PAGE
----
Reading the Maoist challenge right
Recent statements made by the home minister on India’s Maoist insurgency seem to mark a reversal of the official thinking on this threat
A file photo of district police officers patrolling the naxal infested forests at Bijapur near Dantewada. Photo: HT
The Saranda model offers an example of successful transformation of Naxalite-affected areas.
Recent statements made by the home minister on India’s Maoist insurgency seem to mark a reversal of the official thinking on this threat. He is reported to have said that this is part of some international conspiracy that requires the toughest possible action by paramilitary forces and the police. The Prime Minister has been silent, but his predecessor Manmohan Singh had repeatedly emphasized that this is India’s most serious internal security challenge and it has fundamental socioeconomic and sociopolitical dimensions.
There are now 88 districts covering some 31,400 gram panchayats and around 119,000 villages that fall in the left-wing extremism-affected category. The states that are suffering the most are Jharkhand (17 districts out of 24), Odisha (18 districts out of 30) and Chhattisgarh (14 districts out of 27). Parts of West Bengal (three districts out of 19), Bihar (11 districts out of 38), Maharashtra (four districts out of 36), Andhra Pradesh (four districts out of 13), Telangana (four districts out of 10) , Madhya Pradesh (11 districts out of 51) and Uttar Pradesh (three districts out of 75) are also confronting this problem.
While each state has its own background—caste, for instance, plays a dominant role in Bihar—there are five broad features that characterize most of these areas. First, an overwhelming majority of these districts have a substantial population of tribal communities. Second, an overwhelming majority of the districts have a significant area under good quality forest cover. Third, a large number of these districts are rich in minerals such as coal, bauxite and iron ore. Fourth, in a number of states, these districts are remote from the seat of political power and are large entities. Fifth, the worst-affected areas are located in bi-junctions or tri-junctions of different states. Each of these features must form part of an anti-Maoist strategy.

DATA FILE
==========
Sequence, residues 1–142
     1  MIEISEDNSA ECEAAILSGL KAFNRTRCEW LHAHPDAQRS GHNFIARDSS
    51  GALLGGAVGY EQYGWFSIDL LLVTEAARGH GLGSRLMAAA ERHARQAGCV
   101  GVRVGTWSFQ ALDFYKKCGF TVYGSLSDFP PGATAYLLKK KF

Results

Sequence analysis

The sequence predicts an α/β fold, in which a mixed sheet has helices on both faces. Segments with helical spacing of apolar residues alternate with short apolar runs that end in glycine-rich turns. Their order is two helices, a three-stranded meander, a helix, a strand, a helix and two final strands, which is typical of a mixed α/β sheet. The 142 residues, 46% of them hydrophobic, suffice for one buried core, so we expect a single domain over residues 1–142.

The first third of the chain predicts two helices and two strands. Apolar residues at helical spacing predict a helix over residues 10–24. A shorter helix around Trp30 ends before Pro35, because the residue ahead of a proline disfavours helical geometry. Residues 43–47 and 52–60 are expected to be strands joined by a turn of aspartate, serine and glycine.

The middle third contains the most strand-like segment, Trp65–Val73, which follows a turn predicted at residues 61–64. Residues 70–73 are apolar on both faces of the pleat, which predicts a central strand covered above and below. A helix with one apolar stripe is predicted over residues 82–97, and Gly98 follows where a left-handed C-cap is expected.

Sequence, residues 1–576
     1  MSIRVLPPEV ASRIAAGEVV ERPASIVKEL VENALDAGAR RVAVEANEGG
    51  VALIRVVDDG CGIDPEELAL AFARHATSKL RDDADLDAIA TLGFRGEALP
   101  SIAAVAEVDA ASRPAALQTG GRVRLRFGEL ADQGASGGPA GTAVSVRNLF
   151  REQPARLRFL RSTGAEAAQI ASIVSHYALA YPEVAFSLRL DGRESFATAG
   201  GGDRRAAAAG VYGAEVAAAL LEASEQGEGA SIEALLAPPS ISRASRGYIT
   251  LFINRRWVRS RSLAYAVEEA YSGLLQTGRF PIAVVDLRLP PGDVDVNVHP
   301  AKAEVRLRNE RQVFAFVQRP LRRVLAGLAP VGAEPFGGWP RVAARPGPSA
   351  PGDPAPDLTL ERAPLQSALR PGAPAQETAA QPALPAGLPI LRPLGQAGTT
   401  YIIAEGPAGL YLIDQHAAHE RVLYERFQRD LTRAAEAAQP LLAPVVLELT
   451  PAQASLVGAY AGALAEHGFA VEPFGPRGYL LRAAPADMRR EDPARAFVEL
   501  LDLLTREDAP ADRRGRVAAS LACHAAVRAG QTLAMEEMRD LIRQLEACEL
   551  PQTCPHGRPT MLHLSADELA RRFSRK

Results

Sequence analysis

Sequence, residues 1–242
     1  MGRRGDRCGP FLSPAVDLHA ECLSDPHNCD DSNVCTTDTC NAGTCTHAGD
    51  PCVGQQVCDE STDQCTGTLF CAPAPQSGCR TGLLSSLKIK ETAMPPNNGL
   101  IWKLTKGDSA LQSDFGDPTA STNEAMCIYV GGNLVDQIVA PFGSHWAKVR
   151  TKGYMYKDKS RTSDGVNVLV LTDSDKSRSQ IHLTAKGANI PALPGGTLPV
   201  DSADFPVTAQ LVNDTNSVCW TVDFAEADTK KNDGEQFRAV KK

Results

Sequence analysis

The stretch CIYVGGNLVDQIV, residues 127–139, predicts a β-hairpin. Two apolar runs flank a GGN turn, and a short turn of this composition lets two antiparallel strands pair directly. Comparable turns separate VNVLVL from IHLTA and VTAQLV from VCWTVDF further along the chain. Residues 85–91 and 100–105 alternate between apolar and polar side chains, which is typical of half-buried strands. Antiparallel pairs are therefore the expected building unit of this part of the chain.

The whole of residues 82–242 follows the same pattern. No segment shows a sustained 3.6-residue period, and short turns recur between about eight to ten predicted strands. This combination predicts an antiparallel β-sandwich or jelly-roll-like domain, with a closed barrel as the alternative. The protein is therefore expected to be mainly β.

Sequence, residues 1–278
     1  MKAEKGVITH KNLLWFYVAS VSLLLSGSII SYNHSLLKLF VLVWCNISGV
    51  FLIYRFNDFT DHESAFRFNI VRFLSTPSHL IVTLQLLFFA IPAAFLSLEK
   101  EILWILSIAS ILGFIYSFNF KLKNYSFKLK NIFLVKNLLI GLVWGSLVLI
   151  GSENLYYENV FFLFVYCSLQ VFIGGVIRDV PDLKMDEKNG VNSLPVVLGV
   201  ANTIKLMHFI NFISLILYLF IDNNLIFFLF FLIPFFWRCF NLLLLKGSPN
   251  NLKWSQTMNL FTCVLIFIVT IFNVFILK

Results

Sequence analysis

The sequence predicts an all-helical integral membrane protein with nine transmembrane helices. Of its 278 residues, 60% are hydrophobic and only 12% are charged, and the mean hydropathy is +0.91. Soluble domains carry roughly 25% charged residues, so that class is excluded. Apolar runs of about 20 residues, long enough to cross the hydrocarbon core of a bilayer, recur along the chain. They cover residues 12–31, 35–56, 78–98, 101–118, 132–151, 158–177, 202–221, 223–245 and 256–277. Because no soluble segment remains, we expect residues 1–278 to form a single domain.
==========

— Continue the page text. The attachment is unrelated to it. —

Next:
The might of the Indian state is present significantly in the Naxalite-affected areas—71 battalions of central paramilitary forces with nearly 71,000 personnel have been deployed. They have a vital role in backing the state police, who must be in the front line of both intelligence gathering and operations. This is how Andhra Pradesh was successful in dealing with this issue over the past three decades. But security operations alone cannot and should not be the driving force; that driving force has necessarily to be development and addressing the daily concerns of people, who have every reason to feel alienated.
Massive reform of the forest administration at the cutting edge so that the daily concerns of tribal families are met is the need of the hour. The forest bureaucracy has needlessly victimized tribals in state after state seeing them as trespassers. Mining and irrigation projects have caused massive displacement over the past five decades. Rehabilitation and resettlement for large numbers of displaced people has yet to be completed satisfactorily. Worse, there are large numbers of tribals who have been subjected to repeated displacements. The new land acquisition law passed by Parliament in 2013 goes a long way in setting things right, but then, this legislation is about to get diluted. If this happens, the Maoists will score a big propaganda victory.